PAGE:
A Day in the Life of a Crew Scheduler

Every day, Atlas Air flight crews and pilots cross continents and oceans, balancing everything from weather to target takeoff and touchdown times, freight delivery needs, and compliance commitments.

Working behind the scenes on the ground, striving to ensure all this happens like clockwork, not only at the right place and time, but also with enough time built in, are Atlas Air’s crew schedulers.

“There’s no better way to learn the aviation business and to see how an airline runs than by spending time as a crew scheduler,” said Ryan Piper, Senior Director of Crew Scheduling and Training at Atlas Air. “You touch so many pieces of everything.”

Thriving in a busy environment

Crew schedulers and air operations analysts – a new role at Atlas Air – have the opportunity to thrive as they support Atlas Air’s complex flight and scheduling logistics operations.

In a single day, a crew scheduler fields hundreds of phone calls and as many emails, interacting with pilots to coordinate schedules for all flights and assigning crew members to those flights.

Crew schedulers work directly with pilots to address issues that may arise during their workday, acting in real-time to support flight crews. This means crew schedulers are responsible for managing the day-to-day flight activities of crew members while also ensuring compliance with department standards.

On any given day, crew schedulers leverage their skills to make calculations and craft strategies based on weather, schedule changes, and the need to re-position flight crews to other stations. It’s up to crew schedulers to keep everything on-track. This includes making sure pilots fly within flight time limitations, which is 30 hours per week, or about 300 to 350 hours per month, and have enough time to meet reset requirements, including resetting a plane’s flight system.

A typical 12-hour shift for a crew scheduler is full of action and problem-solving. Everything they do helps crew members operate safely, efficiently, and in accordance with regulations. That can mean sending a ‘latest out time’ (or latest possible departure time to safeguard all the nuanced needs within the pilot’s flying schedule) to the crew, operations, and dispatch.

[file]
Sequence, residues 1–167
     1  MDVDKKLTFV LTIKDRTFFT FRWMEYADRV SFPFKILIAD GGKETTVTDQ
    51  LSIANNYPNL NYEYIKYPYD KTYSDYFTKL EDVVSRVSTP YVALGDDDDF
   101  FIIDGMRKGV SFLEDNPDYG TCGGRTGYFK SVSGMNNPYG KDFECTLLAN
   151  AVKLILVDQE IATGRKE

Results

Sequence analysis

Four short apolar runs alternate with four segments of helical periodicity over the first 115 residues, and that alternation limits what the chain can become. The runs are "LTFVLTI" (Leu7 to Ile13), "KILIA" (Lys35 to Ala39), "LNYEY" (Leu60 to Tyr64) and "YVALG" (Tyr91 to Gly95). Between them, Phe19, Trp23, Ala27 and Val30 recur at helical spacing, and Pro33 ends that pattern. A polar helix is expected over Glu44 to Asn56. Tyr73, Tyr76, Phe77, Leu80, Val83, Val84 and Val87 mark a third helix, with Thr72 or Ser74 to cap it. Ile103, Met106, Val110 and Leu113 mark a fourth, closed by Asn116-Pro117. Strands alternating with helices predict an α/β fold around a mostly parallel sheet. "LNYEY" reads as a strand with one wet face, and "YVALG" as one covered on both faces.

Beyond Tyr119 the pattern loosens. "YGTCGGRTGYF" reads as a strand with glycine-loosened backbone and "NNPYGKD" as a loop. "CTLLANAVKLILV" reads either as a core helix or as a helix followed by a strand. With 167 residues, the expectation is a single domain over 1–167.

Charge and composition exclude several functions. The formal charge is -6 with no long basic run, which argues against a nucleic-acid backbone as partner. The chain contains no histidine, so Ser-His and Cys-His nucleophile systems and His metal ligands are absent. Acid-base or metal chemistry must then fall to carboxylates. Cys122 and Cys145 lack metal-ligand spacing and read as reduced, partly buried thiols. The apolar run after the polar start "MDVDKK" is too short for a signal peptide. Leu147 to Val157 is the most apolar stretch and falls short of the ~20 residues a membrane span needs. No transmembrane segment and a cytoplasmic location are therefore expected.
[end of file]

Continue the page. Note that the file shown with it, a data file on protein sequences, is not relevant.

“Really good crew schedulers thrive in a busy environment,” Piper said.

One crew scheduler’s perspective

For Timea Kovach, a manager of crew scheduling at Atlas Air, the excitement of being a crew scheduler is only second to the excitement of being a pilot. Kovach, who is Hungarian, was the first woman in her country to get a flight-engineer degree along with a private pilot license and commercial pilot license with instrument rating.

But while Kovach felt she had found her calling working in aviation, she decided she wanted a job with less travel after she had children. For Kovach, becoming a crew scheduler offered her a way to stay involved with flights while pursuing a new type of career.

“The job was a perfect fit,” she said. “I loved the connections to the crews and the airplanes, and I loved my colleagues.”

Piper said Kovach exemplifies the mix of aviation knowledge and emotional intelligence required of a crew scheduler.

Atlas Air thanks our crew schedulers and air operations analysts for everything they do.